draw. Stanisław Spława-Neyman
Look at the birch bark’s white glow
As if it slept in the sheets of snow
On bark that is so paper-white
Maybe a poem of birch I write?
Or read like a musician, before long,
The little notes of a nightingale’s song
Trade names and regional names:
brzoza (Poland), Bouleau commun (France), Abedul (Spain), Berken (the Netherlands), gemeine Birke, Wiessbirke (Germany), Björk (Sweden), Common birch (the United Kingdom), Betula bianca (Italy)
- phylum - Angiospermatophyta - angiosperms,
- class - Dicotyledonopsida - dicotyledons,
- family - Betulaceae - the birch family,
- genus - Betula - birch,
- species - Betula verrucosa Ehrh. - European white birch, common birch.
Betula lenta L., Betula lutea Michx. f., Betulapubescens Ehrh., Betula spp.
Birch (Betula verrucosa Ehrh.)
photo: Stanisław Spława-Neyman
Birch is an important forest-making species. Around the world there are 120 birch species, in the northern hemisphere are 40 species, 7 species exist in Poland. In Poland the most widespread species is the common birch (Betula verrucosa Ehrh.). Silver birch is the other name that is often used. Under favorable conditions the tree can reach a height of 30 m and breast height diameter of 80 cm. The biggest and the oldest recorded specimen of birch grows in Gdansk-Oliwa, it is 171 years old and it reached the height of 26 m and breast height diameter of 102 cm (321 cm in circumference).
The natural range of European white birch covers almost all Europe with the exception of Spain, Greece and the northern foreland of Italy. In addition, it occurs in a part of Asia Minor, in the Caucasus and in western Siberia. The range reaches the 65° parallel of latitude to the north, but it is not as far north as the range of a similar species – pubescent birch. Birch does not appear in the high parts of mountains, in general it can be found up to 700-800 m above sea level. In the Tatra Mountains individual specimen may occur at heights up to 1480 m above sea level, and in the Alps even up to 2000 m above sea level. Birch is a species considered as pioneering, quick-growing and resistant to industrial pollution. This species yields a crop as early as the 10th year of life (in pure stands), when grown densely in the 24th-25th year. It fructifies every year, every 2-3 years it is more abundant in seed than usual. It blossoms in April. The fruits – nutlets with a wing – are up to 2 cm long. Germination ability of fresh seeds is 60%, after they are stored it is only 20% in spring. Very light fruits are carried by the wind, sometimes they cover considerable distances. As a dominating species in Poland’s forests birch covers an area of 5,4%. Compact wood (large timber) volume per 1 hectare is 140,6 m3 and biomass – 113,1 t/hectare.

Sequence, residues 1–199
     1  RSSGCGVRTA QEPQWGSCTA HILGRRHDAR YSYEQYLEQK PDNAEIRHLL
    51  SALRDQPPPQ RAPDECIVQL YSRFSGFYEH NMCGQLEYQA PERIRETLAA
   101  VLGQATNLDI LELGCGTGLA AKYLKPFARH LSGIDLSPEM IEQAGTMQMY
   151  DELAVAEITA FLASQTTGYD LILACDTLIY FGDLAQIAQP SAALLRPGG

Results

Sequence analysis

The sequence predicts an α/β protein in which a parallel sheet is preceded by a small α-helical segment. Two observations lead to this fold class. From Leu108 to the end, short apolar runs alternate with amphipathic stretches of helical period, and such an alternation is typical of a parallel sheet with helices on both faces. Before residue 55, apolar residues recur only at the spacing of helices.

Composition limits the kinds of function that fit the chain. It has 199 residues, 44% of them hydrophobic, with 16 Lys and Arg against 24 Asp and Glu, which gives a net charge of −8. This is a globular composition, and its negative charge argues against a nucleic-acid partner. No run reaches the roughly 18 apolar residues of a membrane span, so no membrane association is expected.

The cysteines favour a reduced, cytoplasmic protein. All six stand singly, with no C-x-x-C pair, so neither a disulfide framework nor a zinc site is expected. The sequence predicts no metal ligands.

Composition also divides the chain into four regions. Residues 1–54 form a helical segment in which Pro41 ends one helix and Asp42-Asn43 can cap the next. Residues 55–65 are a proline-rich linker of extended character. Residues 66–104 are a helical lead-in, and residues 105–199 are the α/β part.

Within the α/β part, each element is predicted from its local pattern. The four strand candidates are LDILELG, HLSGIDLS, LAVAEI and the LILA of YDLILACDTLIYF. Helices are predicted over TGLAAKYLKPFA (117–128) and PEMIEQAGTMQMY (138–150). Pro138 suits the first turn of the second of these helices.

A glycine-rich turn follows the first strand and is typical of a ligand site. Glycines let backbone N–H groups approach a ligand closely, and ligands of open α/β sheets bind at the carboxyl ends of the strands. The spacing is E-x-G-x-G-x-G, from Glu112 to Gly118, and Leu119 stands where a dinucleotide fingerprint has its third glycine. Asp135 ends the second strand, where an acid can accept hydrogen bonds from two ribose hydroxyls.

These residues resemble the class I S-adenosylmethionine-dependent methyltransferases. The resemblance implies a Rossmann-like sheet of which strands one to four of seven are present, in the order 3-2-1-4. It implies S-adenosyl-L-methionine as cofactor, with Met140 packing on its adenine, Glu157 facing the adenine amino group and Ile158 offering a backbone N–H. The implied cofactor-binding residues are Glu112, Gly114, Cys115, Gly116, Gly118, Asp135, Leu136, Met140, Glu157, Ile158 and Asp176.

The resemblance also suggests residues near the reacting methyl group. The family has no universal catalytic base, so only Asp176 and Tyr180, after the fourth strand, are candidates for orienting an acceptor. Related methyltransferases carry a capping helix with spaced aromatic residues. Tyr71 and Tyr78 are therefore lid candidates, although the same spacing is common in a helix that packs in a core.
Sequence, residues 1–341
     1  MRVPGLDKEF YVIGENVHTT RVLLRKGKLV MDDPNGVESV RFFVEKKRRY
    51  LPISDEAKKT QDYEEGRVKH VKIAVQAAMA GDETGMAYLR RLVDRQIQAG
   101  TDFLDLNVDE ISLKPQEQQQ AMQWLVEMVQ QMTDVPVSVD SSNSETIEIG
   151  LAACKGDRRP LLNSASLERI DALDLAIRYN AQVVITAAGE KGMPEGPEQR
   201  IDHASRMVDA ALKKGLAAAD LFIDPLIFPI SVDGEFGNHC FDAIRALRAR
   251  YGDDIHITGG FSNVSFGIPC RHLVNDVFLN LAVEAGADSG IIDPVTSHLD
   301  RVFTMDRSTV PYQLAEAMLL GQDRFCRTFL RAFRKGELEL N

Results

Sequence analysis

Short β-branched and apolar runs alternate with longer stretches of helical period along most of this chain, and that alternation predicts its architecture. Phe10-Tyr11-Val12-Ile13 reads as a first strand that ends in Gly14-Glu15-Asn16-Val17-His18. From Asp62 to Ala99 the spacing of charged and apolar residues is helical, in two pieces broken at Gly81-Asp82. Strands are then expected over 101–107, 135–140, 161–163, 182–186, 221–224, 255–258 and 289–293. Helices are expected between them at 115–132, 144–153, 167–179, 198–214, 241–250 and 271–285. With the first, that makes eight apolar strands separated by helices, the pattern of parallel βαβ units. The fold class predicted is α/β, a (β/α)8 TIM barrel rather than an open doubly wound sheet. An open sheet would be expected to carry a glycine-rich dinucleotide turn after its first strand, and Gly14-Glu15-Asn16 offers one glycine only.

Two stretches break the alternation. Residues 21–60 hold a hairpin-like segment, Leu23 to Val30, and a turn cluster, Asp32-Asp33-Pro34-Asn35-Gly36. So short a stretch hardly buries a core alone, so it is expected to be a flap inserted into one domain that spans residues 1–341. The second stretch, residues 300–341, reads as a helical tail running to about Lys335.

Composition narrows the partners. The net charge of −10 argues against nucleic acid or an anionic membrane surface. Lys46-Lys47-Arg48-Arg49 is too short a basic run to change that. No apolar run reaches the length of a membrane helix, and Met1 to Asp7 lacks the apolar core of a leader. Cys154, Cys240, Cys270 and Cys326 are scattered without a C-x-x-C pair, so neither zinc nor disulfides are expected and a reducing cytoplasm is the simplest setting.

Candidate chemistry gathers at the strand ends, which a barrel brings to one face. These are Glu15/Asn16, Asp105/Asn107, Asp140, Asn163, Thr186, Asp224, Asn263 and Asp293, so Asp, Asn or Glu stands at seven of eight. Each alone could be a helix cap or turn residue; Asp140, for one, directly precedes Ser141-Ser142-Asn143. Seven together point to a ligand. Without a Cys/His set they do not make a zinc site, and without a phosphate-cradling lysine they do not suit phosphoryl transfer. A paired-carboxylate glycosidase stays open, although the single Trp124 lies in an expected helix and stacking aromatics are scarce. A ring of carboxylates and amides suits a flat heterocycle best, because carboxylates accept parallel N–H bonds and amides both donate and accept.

The percentage share of birch covered area in particular regions is as follows: I – the Baltic Region - 6,4%, II – Masuria&Podlasie Region - 9,2 %, III – Great Poland&Pomerania Region - 3,2%, IV – Mazovia&Podlasie Region - 7,6%, V – Silesia Region - 4,9%, VI – Little Poland Region - 5,0%, VII – the Sudetes Region - 6,0%, VIII – the Carpathians Region - 1,8%. Furthermore, black birch (Betula obscura A.Kotula) exists in southern and western Poland. The tree can reach a height of 15 m. While the (Betula oycoviensis Bees.) birch is predominantly a shrub under protection. Pubescent birch (Betula pubescens) is only a little shorter than common birch. The former species grows all over Poland; it favours damp, boggy areas. Both species occur together, crossbreed and the crossbreds are something halfway between the original species. Betula carpatica is a mountain species, it grows in the Tatra Mountains and the Sudetes in the form of a shrub or small tree up to 6 m high. Low birch (Betula humilisSCHRENK) is a shrub up to 2 m high. In Poland this species can be found solely on peat bogs. It is a postglacial relict. Dwarf birch (Betula nana L.) a shrub up to 80 cm high, grows solely on peat bogs and like Betula humilis is a postglacial relict.